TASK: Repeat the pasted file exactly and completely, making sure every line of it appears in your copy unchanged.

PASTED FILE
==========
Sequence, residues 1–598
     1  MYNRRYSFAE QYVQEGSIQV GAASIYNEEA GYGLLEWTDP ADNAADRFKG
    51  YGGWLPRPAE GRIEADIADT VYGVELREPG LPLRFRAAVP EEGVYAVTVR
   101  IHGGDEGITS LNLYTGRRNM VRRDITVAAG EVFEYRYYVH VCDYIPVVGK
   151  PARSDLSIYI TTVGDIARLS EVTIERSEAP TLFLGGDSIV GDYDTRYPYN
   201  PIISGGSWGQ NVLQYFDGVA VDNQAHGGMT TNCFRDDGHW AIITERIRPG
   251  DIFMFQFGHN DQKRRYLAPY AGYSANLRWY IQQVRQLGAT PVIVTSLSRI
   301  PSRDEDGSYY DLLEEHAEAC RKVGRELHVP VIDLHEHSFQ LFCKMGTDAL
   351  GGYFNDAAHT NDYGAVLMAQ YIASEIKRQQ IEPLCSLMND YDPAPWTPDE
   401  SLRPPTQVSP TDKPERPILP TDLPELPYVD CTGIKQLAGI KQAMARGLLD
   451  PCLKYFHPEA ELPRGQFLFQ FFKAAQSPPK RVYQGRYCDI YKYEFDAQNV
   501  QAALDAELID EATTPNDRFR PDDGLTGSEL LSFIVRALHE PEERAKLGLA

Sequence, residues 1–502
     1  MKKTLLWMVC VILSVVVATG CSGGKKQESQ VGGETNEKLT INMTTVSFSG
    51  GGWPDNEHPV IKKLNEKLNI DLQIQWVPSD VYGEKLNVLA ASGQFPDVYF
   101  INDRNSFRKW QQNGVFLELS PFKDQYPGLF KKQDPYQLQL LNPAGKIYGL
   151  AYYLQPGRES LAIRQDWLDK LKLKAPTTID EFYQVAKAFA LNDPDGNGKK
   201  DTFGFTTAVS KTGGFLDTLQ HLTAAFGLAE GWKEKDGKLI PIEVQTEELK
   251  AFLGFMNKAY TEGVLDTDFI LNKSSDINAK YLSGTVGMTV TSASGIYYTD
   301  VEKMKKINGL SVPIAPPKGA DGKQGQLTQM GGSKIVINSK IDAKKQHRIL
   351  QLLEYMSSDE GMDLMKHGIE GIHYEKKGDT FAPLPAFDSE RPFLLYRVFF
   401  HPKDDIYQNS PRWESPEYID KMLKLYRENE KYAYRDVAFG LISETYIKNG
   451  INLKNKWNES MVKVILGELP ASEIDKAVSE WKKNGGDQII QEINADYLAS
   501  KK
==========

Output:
Sequence, residues 1–598
     1  MYNRRYSFAE QYVQEGSIQV GAASIYNEEA GYGLLEWTDP ADNAADRFKG
    51  YGGWLPRPAE GRIEADIADT VYGVELREPG LPLRFRAAVP EEGVYAVTVR
   101  IHGGDEGITS LNLYTGRRNM VRRDITVAAG EVFEYRYYVH VCDYIPVVGK
   151  PARSDLSIYI TTVGDIARLS EVTIERSEAP TLFLGGDSIV GDYDTRYPYN
   201  PIISGGSWGQ NVLQYFDGVA VDNQAHGGMT TNCFRDDGHW AIITERIRPG
   251  DIFMFQFGHN DQKRRYLAPY AGYSANLRWY IQQVRQLGAT PVIVTSLSRI
   301  PSRDEDGSYY DLLEEHAEAC RKVGRELHVP VIDLHEHSFQ LFCKMGTDAL
   351  GGYFNDAAHT NDYGAVLMAQ YIASEIKRQQ IEPLCSLMND YDPAPWTPDE
   401  SLRPPTQVSP TDKPERPILP TDLPELPYVD CTGIKQLAGI KQAMARGLLD
   451  PCLKYFHPEA ELPRGQFLFQ FFKAAQSPPK RVYQGRYCDI YKYEFDAQNV
   501  QAALDAELID EATTPNDRFR PDDGLTGSEL LSFIVRALHE PEERAKLGLA

Sequence, residues 1–502
     1  MKKTLLWMVC VILSVVVATG CSGGKKQESQ VGGETNEKLT INMTTVSFSG
    51  GGWPDNEHPV IKKLNEKLNI DLQIQWVPSD VYGEKLNVLA ASGQFPDVYF
   101  INDRNSFRKW QQNGVFLELS PFKDQYPGLF KKQDPYQLQL LNPAGKIYGL
   151  AYYLQPGRES LAIRQDWLDK LKLKAPTTID EFYQVAKAFA LNDPDGNGKK
   201  DTFGFTTAVS KTGGFLDTLQ HLTAAFGLAE GWKEKDGKLI PIEVQTEELK
   251  AFLGFMNKAY TEGVLDTDFI LNKSSDINAK YLSGTVGMTV TSASGIYYTD
   301  VEKMKKINGL SVPIAPPKGA DGKQGQLTQM GGSKIVINSK IDAKKQHRIL
   351  QLLEYMSSDE GMDLMKHGIE GIHYEKKGDT FAPLPAFDSE RPFLLYRVFF
   401  HPKDDIYQNS PRWESPEYID KMLKLYRENE KYAYRDVAFG LISETYIKNG
   451  INLKNKWNES MVKVILGELP ASEIDKAVSE WKKNGGDQII QEINADYLAS
   501  KK